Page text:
Plastic packs shown to remove PAHs from smoked sausages

A Slovakian team has released results of the effect of migration from smoked meat into low-density polyethylene (LDPE) packaging.

The study targeted four polycyclic aromatic hydrocarbons (PAHs) – benzo[a]anthracene, benzo[b]fluoranthene, benzo[a]pyrene,

and chrysene. All are regulated in the EU, following a 2008 opinion from the European Food Safety Authority (Efsa) over the carcinogenic effects of this class of chemicals.

In the new investigation, the researchers used high-performance liquid chromatography (HPLC) to measure the content of the four PAHs in a sample of smoked sausages. The total concentration of all four was found to be 30.1μg/kg.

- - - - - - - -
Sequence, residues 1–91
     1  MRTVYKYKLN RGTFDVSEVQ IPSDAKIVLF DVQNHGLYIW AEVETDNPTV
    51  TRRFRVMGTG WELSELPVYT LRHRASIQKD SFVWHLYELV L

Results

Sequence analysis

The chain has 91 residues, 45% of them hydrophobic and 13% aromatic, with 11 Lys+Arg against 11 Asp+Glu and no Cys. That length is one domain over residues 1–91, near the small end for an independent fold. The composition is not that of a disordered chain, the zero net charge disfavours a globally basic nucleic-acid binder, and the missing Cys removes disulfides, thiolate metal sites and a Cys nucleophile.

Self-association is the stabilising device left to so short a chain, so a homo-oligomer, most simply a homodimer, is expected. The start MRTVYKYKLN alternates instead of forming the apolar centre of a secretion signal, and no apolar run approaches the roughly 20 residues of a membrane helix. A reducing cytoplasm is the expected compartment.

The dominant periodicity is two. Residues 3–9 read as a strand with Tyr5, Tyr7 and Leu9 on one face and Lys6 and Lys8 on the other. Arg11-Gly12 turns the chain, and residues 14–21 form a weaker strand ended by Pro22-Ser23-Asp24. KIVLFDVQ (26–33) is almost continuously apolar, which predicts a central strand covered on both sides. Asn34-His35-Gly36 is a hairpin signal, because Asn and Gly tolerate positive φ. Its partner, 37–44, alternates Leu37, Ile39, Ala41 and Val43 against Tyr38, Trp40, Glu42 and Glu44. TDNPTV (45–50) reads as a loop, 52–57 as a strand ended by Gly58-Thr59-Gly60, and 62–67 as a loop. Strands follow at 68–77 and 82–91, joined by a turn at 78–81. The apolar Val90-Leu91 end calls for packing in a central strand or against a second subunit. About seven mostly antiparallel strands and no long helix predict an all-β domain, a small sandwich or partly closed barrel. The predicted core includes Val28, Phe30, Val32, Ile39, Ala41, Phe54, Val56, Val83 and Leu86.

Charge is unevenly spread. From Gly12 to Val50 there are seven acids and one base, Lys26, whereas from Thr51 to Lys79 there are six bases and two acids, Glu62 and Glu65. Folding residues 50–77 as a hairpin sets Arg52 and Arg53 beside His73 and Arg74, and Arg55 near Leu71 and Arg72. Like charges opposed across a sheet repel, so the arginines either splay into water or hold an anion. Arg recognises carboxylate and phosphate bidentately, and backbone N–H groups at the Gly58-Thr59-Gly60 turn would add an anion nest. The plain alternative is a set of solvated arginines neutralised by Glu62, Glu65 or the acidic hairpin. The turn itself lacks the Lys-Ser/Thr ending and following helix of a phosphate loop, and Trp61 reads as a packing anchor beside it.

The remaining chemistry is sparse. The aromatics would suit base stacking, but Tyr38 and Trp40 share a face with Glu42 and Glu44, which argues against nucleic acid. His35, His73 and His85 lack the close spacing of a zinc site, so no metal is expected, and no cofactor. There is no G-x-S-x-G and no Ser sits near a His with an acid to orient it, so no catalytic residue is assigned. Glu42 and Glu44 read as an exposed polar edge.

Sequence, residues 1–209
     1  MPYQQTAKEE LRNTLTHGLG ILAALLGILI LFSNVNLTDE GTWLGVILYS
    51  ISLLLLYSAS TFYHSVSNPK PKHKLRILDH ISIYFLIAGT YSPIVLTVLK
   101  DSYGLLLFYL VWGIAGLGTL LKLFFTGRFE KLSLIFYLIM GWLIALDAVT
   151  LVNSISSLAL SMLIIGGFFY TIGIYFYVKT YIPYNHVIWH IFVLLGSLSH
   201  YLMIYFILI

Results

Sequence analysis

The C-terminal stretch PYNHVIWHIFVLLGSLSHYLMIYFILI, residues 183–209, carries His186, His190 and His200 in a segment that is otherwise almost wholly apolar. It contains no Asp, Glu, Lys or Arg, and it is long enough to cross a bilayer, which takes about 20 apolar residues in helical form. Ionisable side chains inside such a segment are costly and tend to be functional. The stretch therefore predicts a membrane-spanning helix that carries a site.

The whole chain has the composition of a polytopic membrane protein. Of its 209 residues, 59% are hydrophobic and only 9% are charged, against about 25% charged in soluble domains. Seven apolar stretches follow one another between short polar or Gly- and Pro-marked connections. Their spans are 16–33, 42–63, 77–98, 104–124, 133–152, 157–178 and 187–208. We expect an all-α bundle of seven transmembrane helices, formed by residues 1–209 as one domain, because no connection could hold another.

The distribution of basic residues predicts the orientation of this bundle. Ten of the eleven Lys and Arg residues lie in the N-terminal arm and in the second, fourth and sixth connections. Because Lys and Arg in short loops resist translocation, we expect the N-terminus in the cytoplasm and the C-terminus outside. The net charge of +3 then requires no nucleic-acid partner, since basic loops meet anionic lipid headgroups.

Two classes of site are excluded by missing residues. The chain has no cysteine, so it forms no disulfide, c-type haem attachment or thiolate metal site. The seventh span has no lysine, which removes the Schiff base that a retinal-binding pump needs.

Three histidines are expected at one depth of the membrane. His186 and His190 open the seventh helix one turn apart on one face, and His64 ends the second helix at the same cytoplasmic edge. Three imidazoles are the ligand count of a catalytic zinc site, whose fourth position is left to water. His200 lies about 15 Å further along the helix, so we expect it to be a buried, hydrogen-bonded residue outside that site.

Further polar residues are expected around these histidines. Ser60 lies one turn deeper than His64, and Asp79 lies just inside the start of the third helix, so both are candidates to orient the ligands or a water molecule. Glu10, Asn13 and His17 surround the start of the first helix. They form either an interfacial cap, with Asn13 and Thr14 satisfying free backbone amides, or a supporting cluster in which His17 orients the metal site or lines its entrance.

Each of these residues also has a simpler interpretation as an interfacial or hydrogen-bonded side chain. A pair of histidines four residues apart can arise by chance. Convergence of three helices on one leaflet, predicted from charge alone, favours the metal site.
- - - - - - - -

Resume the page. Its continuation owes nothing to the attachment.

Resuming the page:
The sausages were then packed into an o-polyamide/LDPE laminated film and subsequent readings taken at intervals across three hours. Over this time the tests found the total concentration of PAHs dropped to 5.7μg/kg. The researchers note the effect was sufficient to drop the level of PAHs in the sausages beneath the Efsa-set threshold of 12μg/kg.

A control sample of the food not placed in the film did not see the same reduction.

Publishing in the journal Food Chemistry on 13 January,  the Slovakian team notes: ‘[The] decrease was brought about by migration of PAH4 from sausages into low-density polyethylene packaging bulk and the measure of decrease can be predicted by a kinetic equation, making it possible to calculate PAH content equal to any time of experiment, as well as the time of interaction necessary to fulfil EU legislative limits.’

The HPLC also measured the decline in benzo[a]pyrene individually. This fell from 3.9μg/kg to 1.1μg/kg – again under the safe limit prescribed by the European authority.

This article comes from Food Contact World, which provides exclusive news and analysis on developments in digital print trends, markets, and technologies.